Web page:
Social Services Gap Analysis (SSGAPA) for the County of Los Angeles

Publication Date


Committee Chair

Mark P. Kumler, Ph.D.

Committee Members

Karen K. Kemp, Ph.D.


Currently, social services in Los Angeles are being provided by the County of Los Angeles and many independent providers, with little knowledge of the spatial relationships between the providers’ infrastructures and the clients’ locations. A spatial analysis is required to understand and optimize the delivery of these services. The results of this analysis will influence reforms being sought and will provide an opportunity to improve the County’s service delivery system. The Chief Administrative Office (CAO), Service Integration Branch (SIB), Urban Research Unit was tasked with developing a solution to this issue, and Sal Aguilar, University of Redlands Master of Science in Geographic Information System (MS-GIS) candidate, was requested to assist in establishing a methodology for a Social Services Gap Analysis (SSGAPA) for the County of Los Angeles.

The benefits of this analysis will likely extend beyond the immediate beneficiary – Department of Children and Family Services (DCFS) serving children and families, to various other County departments. However, these other departments are not part of the scope of this project.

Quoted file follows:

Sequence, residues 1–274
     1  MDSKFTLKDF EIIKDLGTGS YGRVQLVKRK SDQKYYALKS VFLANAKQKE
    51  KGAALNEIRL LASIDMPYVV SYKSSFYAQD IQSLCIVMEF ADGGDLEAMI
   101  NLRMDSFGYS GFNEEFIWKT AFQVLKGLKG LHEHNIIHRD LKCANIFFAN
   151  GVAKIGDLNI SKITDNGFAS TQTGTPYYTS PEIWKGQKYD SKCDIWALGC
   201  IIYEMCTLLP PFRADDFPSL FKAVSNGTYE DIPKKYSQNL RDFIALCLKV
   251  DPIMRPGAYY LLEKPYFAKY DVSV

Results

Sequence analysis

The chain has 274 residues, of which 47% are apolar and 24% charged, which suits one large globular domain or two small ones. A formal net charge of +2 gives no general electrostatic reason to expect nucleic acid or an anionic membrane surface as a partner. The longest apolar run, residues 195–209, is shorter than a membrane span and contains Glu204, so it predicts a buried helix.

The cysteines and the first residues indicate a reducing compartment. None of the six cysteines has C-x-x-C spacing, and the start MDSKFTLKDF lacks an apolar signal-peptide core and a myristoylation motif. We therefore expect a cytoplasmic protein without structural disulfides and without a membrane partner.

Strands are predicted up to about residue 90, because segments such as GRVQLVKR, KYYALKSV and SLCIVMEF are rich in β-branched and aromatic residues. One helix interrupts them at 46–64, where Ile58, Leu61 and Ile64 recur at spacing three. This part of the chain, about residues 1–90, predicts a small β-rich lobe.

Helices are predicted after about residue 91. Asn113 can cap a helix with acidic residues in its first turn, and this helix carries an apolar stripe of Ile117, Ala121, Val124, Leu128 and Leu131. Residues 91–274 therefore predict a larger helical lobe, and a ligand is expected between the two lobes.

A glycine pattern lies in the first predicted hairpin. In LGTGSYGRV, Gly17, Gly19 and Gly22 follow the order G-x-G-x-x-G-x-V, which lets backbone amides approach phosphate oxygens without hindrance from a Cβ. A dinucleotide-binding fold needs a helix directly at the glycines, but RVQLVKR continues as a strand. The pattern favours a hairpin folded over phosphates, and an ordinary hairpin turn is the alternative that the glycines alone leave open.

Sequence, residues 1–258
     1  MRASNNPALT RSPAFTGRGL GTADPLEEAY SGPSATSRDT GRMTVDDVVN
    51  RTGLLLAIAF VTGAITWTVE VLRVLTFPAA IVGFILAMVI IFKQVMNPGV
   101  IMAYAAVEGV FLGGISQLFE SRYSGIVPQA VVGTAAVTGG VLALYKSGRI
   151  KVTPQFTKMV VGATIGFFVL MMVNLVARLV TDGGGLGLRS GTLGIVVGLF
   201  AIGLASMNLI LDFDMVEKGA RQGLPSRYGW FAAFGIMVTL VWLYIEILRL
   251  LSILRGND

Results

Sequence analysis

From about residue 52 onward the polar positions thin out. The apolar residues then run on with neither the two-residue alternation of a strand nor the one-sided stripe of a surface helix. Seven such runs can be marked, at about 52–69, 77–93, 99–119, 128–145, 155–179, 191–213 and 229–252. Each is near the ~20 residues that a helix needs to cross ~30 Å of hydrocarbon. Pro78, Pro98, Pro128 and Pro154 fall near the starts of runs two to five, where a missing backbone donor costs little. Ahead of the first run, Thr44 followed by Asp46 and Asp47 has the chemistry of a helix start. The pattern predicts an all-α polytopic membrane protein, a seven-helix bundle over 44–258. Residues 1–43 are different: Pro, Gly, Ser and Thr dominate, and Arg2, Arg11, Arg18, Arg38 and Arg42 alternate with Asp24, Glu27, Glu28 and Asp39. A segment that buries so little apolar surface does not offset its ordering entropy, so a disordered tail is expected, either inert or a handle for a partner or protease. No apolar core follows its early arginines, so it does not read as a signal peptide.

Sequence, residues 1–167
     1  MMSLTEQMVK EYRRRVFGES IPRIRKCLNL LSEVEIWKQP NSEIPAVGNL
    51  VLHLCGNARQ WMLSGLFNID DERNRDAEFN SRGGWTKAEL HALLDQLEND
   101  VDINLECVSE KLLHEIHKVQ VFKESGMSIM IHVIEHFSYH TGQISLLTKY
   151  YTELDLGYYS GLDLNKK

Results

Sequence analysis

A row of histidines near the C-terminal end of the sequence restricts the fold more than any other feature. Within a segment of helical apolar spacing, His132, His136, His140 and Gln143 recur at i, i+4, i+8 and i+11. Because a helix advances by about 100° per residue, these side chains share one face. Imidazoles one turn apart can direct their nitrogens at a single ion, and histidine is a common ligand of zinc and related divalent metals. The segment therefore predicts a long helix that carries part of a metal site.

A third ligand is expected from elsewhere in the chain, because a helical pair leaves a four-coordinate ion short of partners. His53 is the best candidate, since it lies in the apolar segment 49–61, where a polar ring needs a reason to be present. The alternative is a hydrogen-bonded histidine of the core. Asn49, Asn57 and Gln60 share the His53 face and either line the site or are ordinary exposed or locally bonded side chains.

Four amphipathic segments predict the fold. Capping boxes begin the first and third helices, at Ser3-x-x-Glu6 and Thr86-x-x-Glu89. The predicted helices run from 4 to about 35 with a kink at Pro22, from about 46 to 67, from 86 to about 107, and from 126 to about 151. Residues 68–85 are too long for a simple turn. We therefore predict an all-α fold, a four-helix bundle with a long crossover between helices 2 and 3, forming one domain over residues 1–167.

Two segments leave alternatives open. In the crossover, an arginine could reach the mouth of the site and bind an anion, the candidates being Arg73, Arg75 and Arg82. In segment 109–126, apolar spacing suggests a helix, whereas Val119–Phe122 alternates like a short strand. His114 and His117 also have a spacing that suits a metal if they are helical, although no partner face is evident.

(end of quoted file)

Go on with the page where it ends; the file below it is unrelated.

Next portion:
A proximity spatial analysis is provided by this SSGAPA to determine the locations of services relative to where clients needing these services live. The approach to the analysis was broken down into three areas: 1) a case study in two DCFS administrative service areas; 2) an analysis of the countywide supply of social services; and 3) an analysis of the Los Angeles County Children’s Planning Council (CPC) ScoreCard data indicators of child well-being across five outcome areas adopted by the County. Two models were developed in the SSGAPA: one for the countywide analysis, and the second for the CPC analysis. The countywide analysis indicates three general regions where demand exceeds supply. The CPC analysis reveals a correlation between the CPC ScoreCard “poverty” map and the SSGAPA composite index.

Full text is available at the University of Redlands


Article Location